Down at Paducah, a gorge in the Tennessee River broke and wrought havoc, destroying the steamboats Alton, Grey Eagle, Spread Eagle and Peoria, among others. Steamboatmen had used the mouth of the Tennessee River for decades as a safe winter harbor—the Duck’s Nest, as they called it—so the disaster there came as a surprise.

Way upriver on February 1 at Wheeling, W.Va., there was panic when the Ohio River, at 14 feet and falling, suddenly started rising at the rate of 18 inches per hour. An ice blockage about 30 miles downriver was the culprit, causing the river to rise 7 feet in just a few hours. The local flood bureau warned that the stage could reach 30 or 40 feet, but instead the gorge broke that night. The river flowed, and a major flood at Wheeling was averted, but not without the loss of the steamer Ruth. The Ruth was one of the oldest and largest packet steamboats on the Upper Ohio. It had been tied up at McMechen below Wheeling for several days, and was crushed and sunk by the ice shortly before the gorge broke.

On the night of February 8, the ice gorges broke at Stewart Island, 18 miles above Paducah. The next day, the greatest stretch of ice ever seen at Paducah was passing downstream. The gorge that had done thousands of dollars’ worth of damage upstream reached Paducah at about 4 p.m. on the February 9. Vessels in the harbor hurried into the Tennessee River for protection.

At Paducah itself, the ice broke at 2:15 a.m. Capt. Floyd Burris, master of the Josh Cook, said he had never in all of his life heard such a crashing of timbers. The Josh Cook was carried away and sank just below Joppa, Ill.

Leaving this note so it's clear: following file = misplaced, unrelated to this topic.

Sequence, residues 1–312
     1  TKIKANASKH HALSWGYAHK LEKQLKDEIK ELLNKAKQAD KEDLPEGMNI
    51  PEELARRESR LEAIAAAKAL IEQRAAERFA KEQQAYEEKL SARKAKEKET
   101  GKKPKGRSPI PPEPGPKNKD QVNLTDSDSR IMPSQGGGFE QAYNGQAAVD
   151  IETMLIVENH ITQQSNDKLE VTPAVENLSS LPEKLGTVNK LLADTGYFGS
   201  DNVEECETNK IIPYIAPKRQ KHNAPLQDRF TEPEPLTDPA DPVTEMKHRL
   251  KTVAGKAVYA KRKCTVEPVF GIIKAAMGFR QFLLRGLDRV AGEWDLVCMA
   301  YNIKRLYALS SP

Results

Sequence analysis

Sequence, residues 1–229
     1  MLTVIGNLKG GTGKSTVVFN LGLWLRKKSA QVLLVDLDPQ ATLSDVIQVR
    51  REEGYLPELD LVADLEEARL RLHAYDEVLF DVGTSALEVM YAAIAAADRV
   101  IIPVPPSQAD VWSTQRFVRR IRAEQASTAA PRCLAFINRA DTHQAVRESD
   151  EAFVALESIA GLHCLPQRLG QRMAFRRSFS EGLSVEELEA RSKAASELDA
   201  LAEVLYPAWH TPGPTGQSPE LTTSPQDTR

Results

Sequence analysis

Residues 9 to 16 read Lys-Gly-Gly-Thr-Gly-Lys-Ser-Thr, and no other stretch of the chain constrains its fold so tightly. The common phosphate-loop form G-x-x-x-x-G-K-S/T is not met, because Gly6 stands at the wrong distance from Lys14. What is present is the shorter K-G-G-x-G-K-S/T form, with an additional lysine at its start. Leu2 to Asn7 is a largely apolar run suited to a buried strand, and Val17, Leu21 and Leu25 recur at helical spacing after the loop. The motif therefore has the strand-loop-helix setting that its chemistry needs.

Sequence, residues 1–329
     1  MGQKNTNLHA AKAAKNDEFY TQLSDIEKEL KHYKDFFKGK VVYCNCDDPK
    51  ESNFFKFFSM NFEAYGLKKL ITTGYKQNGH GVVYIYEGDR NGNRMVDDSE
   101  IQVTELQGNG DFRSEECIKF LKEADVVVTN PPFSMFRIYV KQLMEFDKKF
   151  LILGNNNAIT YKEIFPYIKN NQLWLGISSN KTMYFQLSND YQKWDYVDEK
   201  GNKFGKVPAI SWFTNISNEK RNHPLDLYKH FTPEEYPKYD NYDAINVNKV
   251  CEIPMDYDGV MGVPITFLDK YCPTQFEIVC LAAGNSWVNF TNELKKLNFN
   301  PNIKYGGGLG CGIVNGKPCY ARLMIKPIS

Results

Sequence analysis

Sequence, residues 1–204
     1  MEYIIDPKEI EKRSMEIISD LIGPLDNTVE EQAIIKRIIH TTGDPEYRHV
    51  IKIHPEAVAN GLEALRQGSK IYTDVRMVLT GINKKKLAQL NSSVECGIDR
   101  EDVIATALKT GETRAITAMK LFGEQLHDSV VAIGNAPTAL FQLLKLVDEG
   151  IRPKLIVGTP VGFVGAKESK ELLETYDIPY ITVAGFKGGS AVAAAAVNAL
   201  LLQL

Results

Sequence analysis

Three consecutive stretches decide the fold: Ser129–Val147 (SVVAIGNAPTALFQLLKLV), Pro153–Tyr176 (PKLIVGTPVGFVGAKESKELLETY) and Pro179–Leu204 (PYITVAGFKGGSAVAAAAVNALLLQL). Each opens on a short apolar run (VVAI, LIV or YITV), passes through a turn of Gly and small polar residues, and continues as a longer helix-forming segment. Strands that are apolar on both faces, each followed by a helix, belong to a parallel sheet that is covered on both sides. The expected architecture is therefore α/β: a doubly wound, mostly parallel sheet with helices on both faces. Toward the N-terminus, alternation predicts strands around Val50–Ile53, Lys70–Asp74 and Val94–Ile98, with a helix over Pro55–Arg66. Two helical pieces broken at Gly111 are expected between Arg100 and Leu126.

Capts. Harry and “Buck” Leyhe and the crew of the steamboat Peoria had narrow escapes with their lives when the ice broke the Peoria from its moorings. The roof of the boat was covered with sleet, and the Leyhes had to crawl on hands and knees. The crew eventually waded through ice and frigid water to telephone for help.

The steamer American of Chattanooga was in drydock at Paducah when the ice carried it away. The drydock with the American on board were carried through the Metropolis and Cairo bridges, and were not seen for days.

There was such a parade of breakaways knocking and banging and careening downriver, men stood on bridges near Cairo just counting and trying to identify steamboats and barges and everything else as it all flew by.

The Thaw

A thaw finally set in, and by mid-February, steamboat traffic was able to resume in earnest for the first time in two months. The J.T. Hatfield passed Gallipolis, Ohio, downbound on February 8 with 21 barges of Kanawha coal for Cincinnati, the first shipment in weeks. The steamer Dakota left St. Louis for Baton Rouge on February 16, running two days in heavy ice until it got below Cairo.

Altogether, the ice disaster on the Ohio sank at least nine packet boats, six towboats and seven ferryboats. Some of the lost steamers had only recently been repaired or refurbished. The Princess, for example, wrecked by the ice at Carrollton, had been rebuilt the previous year at a cost of $30,000.